Speed Typing is a must have skill for a computer user. This skill is largely being ignored as the smartphone and tablet takes over; literally leaving our electronics users without a keyboard. By this I mean a physical keyboard that is designed for two human sized hands to utilize in a proper typing manner. When a computer user reduces themselves to typing with only one finger; often their thumb, (at least they are using that evolutionary advantage) they are typing at approximately 40% their max potential speed. Compare your own speeds to see for yourself. On a more practical note pertaining directly to computer users equipped with keyboard and mouse; the user that has to take their hands off the keyboard to utilize the mouse is operating more slowly. In one study involving short time periods, the CLI user was 20% faster than the GUI user. Not only do typing skills affect your speed, but being able to operate without looking at things allows you to transcend the clumsy limitations of the physical realm and move into conceptual space. When your thoughts and actions are a result of utilizing both creative and logical capacities at the same time, you will find that you are able to solve problems that other people did not even know existed. When you achieve this state, you will expand your awareness of problems and solutions that allow you to operate at much higher speeds and participate in projects that only select few people will be able to participate in. As this somewhat unbiased article points out, you should employ the techniques that work best for you. I do beg the question however; if you have never tried to operate much more in the non-mousing way, and only ever used one method (the mousing way), then how could you know for sure which is best for you? It is worth expanding your horizons and learning a new set of skills and way of understanding ways to interface a machine you use for a significant portion of your life. You could elevate yourself to a higher state of computing. Some interesting studies on speed are the Keystroke Level Model (KLM), Goals Operators Methods and Selection (GOMS), or Model Human Processor (MHP). In a way that perhaps only I would see as associated; for years I have entertained a game notion that on certain mornings I should unclothe myself, wash, perform my morning routine, and clothe myself again with only my off hand. This exercise is both satisfying in regard to my ability to perform in the event that my good limb is injured, disabled, or removed; but also under the assumption that I derive value from being reminded of the humility that I am blessed to have full functioning capability and command of my normal resources. I observe some people in society perform tasks that make it apparent that they have disabilities. This observation reminds me that it is worth my while to retain an attitude of sympathy or empathy about their method of solving problems or accomplishing goals. I feel much the same way regarding people who do not have a more keen understanding about computers. It is worth retaining a notion of humility in entertaining even the more clumsy method of accomplishing computing goals. At least they are solving problems rather than creating them… maybe; we hope.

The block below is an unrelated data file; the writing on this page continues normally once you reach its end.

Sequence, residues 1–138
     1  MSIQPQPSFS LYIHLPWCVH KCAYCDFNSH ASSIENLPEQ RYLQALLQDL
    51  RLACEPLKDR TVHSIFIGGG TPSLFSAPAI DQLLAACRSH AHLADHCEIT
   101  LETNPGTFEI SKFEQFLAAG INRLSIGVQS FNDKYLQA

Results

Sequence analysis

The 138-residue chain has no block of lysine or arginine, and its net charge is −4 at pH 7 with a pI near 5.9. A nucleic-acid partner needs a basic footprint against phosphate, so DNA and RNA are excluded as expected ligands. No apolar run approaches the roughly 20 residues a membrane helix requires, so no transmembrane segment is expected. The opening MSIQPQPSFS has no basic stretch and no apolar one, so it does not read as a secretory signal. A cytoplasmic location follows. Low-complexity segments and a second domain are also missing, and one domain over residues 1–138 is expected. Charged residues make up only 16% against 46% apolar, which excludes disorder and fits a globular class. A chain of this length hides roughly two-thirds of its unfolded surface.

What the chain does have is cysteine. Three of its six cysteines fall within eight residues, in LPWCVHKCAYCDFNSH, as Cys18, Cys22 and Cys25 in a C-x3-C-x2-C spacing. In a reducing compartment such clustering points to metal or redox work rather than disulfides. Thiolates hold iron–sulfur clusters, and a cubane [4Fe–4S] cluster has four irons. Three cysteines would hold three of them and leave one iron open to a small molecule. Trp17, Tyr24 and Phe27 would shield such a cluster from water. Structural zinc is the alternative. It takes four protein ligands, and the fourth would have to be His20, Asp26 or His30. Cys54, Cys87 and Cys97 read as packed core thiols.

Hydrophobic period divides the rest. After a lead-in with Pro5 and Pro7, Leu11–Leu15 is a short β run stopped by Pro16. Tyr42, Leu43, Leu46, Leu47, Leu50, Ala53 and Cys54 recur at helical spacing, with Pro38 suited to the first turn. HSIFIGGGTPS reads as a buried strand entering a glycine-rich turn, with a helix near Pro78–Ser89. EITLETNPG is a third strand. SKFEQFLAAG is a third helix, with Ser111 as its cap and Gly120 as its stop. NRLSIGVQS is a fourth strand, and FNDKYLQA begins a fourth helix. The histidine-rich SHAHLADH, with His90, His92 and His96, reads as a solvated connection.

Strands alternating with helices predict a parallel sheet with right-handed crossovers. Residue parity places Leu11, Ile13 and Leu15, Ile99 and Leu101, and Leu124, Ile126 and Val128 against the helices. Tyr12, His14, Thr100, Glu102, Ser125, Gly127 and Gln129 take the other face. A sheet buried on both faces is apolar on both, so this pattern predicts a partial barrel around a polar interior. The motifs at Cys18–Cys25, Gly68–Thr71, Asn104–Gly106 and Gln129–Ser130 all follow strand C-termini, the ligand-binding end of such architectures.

Knowledge There is something about using the CLI that warrants a greater understanding of the underlying programs, capabilities, and resources that you can draw on to get computing tasks done. Rather than tracing our eyes across the computer screen and clicking a mouse button to hunt and find a conclusion, a CLI user will often sit back, look up, and experience a Eureka moment followed by a flurry of motion and typing. A GUI user tends to ask a CLI user how to accomplish something when they get stuck. A CLI user tends to either research and look up a solution to mimic from someone else, write the code themselves, or possibly modify hardware to accomplish their goals. This results in faster recall, more thorough understanding, and a profound adaptability regarding a multitude of potential tasks. Not only can you know what to do before you do it, but you are also able to describe to someone else; how you have done it, how you will do it, or how one could go about doing it even if you have not done it before. Essentially what this means is that rather than asking someone else how to accomplish things all the time, or relying on them to do it for you; you can use your mind, look some things up, and develop a deeper understanding of how computers work and how you can control the computing environment in a fundamentally different level. The sort of knowledge that it takes to develop this deeper understanding of the computing environment could be described as Tacit Knowledge. On one hand, it could be said that all software that we use is a result of someone creating a solution or group of solutions to problems or desires. On another it could be said that we use software to solve problems or satisfy desires. Somewhere in that mix, someone thinks of a way to solve a problem. The person that invents a new way to solve a problem or satisfy a desire in the computer world is employing Tacit Knowledge. The person who employs software that was created by someone else, or utilizes a technique thought of by someone else is employing Explicit Knowledge skills. It could be said that a computer expert develops Tacit skills, while a Script Kiddie or novice user develops Explicit skills. Both are relevant ways to solve problems or accomplish goals… In the event that no-one has solved that problem before, or in the even that a person who has solved that same problem is not accessible for conversation or never documented their procedure for the world to see; a novice user would have no recourse and would just give up … or be forced to develop Tacit Knowledge about the computing environment. Even in the event that not a single person in the world has ever solved a particular problem before, an expert user with Tacit Knowledge of the computing environment would be able to persist and create a solution to accomplish their goal.